Ifri Oudadane

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Ifri Oudadane
Ifri Oudadane is located in Morocco
Ifri Oudadane
Location of Ifri Oudadane
LocationNortheast Morocco
Coordinates35°12′54.3″N 3°15′15.2″W / 35.215083°N 3.254222°W / 35.215083; -3.254222Coordinates: 35°12′54.3″N 3°15′15.2″W / 35.215083°N 3.254222°W / 35.215083; -3.254222

Ifri Oudadane is an archaeological site in the northeastern Rif region of Morocco. It is located on the southwestern coast of the Cape Three Forks on the Mediterranean Sea, and is one of the most important sites in the northwestern Maghreb region of Africa. Discovered during road construction, the site consists of a fairly large rock shelter above the modern coastline, the site has been excavated since 2006 by a team of Moroccan and German archaeologists.[1] Although much is known about the transition of humans from hunter gatherer groups to food production in Europe and the Middle East, much of North Africa has not been researched. Ifri Oudadane is one of the first of such sites in North Africa. Dated to between 11000 and 5700 years BP,[2] the site contains evidence that documents the shift of local inhabitants from hunter-gatherer groups to food producers. Such elements of change found at Ifri Oudadane include evidence of animal husbandry, domestication of legumes, and decoration of pottery. The site is known to contain the earliest dated crop in Northern Africa, a lentil.[2]

Research methods[edit]

Research at Ifri Oudadane was started in 2006 by the “Eastern Rif” project, a Moroccan-German mixed team. Consisting of the National Institute of Archaeology and Heritage (INSAP) of Morocco, the German Commission for Archeology of External European Affairs (KAAK), and the University of Cologne. Archaeologists dug about 2.5 meters deep into the soil inside of the rock shelter. During the 2006 and 2007 digging seasons, excavated material was separated and cleared through screens of various sizes.[1] Starting in 2010, flotation analysis was used to get a better understanding of organic materials, including pollen and foodstuffs.[1] In addition, black carbon (BC) analysis was used to gain a deeper understanding of the history of fire at Ifri Oudadane.[3] This method entails using an acid to oxidize the carbon into benzene polycarboxylic acids.[4] A variety of information can be gathered from this method, including the composition of fires and a which temperature they burned.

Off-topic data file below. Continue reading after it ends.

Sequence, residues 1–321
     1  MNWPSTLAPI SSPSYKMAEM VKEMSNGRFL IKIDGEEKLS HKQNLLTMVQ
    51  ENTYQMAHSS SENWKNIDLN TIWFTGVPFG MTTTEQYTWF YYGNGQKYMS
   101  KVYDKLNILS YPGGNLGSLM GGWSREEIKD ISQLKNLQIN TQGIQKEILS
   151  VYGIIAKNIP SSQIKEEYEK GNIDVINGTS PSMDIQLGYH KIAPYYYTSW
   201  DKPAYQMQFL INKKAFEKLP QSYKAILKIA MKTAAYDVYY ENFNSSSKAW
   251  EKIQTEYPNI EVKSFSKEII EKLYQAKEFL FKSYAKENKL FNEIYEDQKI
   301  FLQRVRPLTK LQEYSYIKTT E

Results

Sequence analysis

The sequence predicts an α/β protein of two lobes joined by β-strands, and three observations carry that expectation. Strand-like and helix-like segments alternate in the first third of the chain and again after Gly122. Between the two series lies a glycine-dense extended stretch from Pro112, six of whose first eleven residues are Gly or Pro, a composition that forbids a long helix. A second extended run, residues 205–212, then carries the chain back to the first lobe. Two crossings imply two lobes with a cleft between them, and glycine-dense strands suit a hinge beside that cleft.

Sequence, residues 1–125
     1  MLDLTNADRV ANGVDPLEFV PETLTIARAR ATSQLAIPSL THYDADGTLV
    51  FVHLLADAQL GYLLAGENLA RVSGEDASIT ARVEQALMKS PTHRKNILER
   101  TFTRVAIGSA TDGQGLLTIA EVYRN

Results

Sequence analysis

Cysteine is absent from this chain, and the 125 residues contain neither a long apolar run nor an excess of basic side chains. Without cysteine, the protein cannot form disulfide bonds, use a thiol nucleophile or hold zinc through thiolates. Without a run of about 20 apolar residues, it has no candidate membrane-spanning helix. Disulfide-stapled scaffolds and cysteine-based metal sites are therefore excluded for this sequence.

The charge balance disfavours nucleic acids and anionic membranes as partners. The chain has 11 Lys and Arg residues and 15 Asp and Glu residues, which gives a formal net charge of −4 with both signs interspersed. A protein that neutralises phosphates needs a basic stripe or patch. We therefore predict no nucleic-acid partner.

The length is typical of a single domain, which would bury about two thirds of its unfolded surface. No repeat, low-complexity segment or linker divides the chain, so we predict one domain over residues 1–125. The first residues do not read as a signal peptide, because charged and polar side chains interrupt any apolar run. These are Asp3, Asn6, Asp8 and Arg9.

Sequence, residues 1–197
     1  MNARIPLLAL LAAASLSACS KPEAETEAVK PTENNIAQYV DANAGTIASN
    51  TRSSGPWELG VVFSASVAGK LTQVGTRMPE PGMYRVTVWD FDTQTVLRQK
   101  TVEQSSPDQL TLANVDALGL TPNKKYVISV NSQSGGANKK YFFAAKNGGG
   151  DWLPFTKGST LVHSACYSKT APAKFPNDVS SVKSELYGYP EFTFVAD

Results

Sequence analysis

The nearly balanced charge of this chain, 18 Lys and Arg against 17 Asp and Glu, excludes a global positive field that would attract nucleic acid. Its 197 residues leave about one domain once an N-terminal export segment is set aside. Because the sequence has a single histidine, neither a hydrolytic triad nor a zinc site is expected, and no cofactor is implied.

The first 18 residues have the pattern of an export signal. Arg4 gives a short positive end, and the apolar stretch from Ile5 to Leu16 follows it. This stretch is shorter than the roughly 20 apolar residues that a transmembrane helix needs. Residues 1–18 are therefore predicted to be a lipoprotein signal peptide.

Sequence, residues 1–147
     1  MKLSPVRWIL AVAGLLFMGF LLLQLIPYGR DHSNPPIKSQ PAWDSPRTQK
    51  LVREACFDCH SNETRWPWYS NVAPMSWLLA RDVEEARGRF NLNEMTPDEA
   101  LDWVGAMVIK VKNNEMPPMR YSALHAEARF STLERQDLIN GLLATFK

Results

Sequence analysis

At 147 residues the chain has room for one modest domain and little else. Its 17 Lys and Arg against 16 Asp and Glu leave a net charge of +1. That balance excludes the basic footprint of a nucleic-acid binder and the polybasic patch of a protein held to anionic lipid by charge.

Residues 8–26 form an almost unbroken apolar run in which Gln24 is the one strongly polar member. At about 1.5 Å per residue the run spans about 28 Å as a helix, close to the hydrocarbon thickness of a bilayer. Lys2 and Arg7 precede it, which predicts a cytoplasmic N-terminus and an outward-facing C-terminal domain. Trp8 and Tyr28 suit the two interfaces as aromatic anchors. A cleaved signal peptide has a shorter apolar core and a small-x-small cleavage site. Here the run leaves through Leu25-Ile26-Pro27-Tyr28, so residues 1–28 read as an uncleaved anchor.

Occupation periods[edit]

Archaeologists have determined through stratigraphy that the site was occupied during two distinct periods of time.

Epipaleolithic: (20-10.5k BP)[edit]

The Epipaleolithic time period takes up a meter thick layer of the stratigraphy inside of the rock shelter. Archaeologists were able to obtain a date from this period by the seeds of chamaerops plants found in the deposit. The oldest of these have been dated to 9028±41 BP while the most recent were from 7632±29 BP.[1] Through the reconstruction of carbon recovered from sediments it is likely that the area was forested at the time.[3] Stone tool fragments and bone fragments of various wild animals (e.g. Barbary sheep) were found.[1] Lithics of this time period are few in number and many are unspecific flakes, as opposed to specified tools.